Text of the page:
Recreation Northwest became Park Stewards for Fairhaven Park in 2014. We chose this particular park due to the impact we had with the trail run leg of the Bellingham Traverse, our signature event at the time. We were quickly propelled into taking on a long-term project for the health of the forest and the benefit of our community.
Project Interpretive Signs
In Summer of 2022, we installed our project signs to give an overview for the public passing by.
This was the situation we faced…MUD!
Working in partnership with Bellingham Parks staff and our community, we chose to focus on a trail relocation project- working towards connecting Fairhaven Park with the “Hundred Acre Wood”. The trails needed to be improved for easier access for all types of users—and even more importantly, for the health of the forest. We broke the project into Two phases. Our goal was simple: Get out of the mud!
Phase One (2015) We built the trail to connect Fairhaven Park and 18th Street by rerouting a high-traveled access trail out of the wetland to higher ground. The trail was developed according to standard City specifications.
We completed Phase 1 in 2015.
Phase Two (2016-2017) The purpose of Phase TWO – Fairhaven Park Trail & Wetland Boardwalk project was to limit impact on the fragile habitat and improve public access to connect Phase 1 with the network of trails in the “Hundred Acre Wood” to the south that was accessed via a trail that crossed the wetland and became a 25-foot-wide swath of mud.The project allows enjoyable access for people as well as protecting this important habitat for wildlife and the ecology of the forest. The project avoided further impacts to the wetland and our mitigation efforts repaired damage from the social trails in place at the time.
We plan to complete Phase 2 in 2022.
In 2014, The City of Bellingham did not have sufficient funds at the time, in their short or long term budgets to address the environmental destruction that was occurring as these public trails were becoming increasingly popular. In order to systematically review the priorities for which trails need to be maintained, a master plan for the newly acquired property was required. This process was a long way off, back in the day. But now, this process is finally underway. See Chuckanut Community Forest Master Plan on Engage Bellingham.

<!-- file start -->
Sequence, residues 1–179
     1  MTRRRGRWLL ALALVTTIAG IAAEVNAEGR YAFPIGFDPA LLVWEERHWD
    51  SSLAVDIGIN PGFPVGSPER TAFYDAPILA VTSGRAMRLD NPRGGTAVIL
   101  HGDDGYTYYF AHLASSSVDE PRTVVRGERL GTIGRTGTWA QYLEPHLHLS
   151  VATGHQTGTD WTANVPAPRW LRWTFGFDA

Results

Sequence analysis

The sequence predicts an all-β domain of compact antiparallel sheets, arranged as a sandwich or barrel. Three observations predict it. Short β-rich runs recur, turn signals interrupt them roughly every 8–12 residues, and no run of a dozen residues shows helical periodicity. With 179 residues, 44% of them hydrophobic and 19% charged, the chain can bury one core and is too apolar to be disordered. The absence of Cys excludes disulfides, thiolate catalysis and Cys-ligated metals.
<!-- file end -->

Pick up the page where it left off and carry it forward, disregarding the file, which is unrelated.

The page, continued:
Thank you to 93 community donors and 19 local businesses, foundations, and other organizations for helping us meet the fundraising needs for this project. Thank you for all the volunteers that we’ve had over the years
We are proud to have taken on this project and plan to use it as a demonstration for future projects to show that good work can be done with a collaborative, inclusive, and fun approach. We believe that this demonstrates our commitment to community building and our ability to be innovative and get things done.
Welch Ecological Services
Herrera Environmental Consulting
Materials, Testing & Consulting, Inc.
Timeline Overview (2014-2022)
2014 Adopted Fairhaven Park as Stewardship project
2015 Phase ONE – Fairhaven Park – 18th Street Connector Trail
2016 Phase TWO Planning – Fairhaven Park Trail & Wetland Boardwalk
2017 Volunteers remove Invasive Blackberries and install Native Plants
Phase TWO- Fairhaven Park Trail & Wetland Boardwalk installed.
2018 First year of Mitigation Reporting = success for survival of native plants and continuous invasive species removal.
2019 Recognition Rock Bench to honor project sponsors, supporters, and volunteers.
2020 Native Plant Garden Bench & Garden Gate
2021 New open Garden spaces – Wild Whatcom, Phillips 66, and public volunteers.
2022 5 year Mitigation Reporting requirements complete EOY. Project complete.
Next: See Outdoor Classroom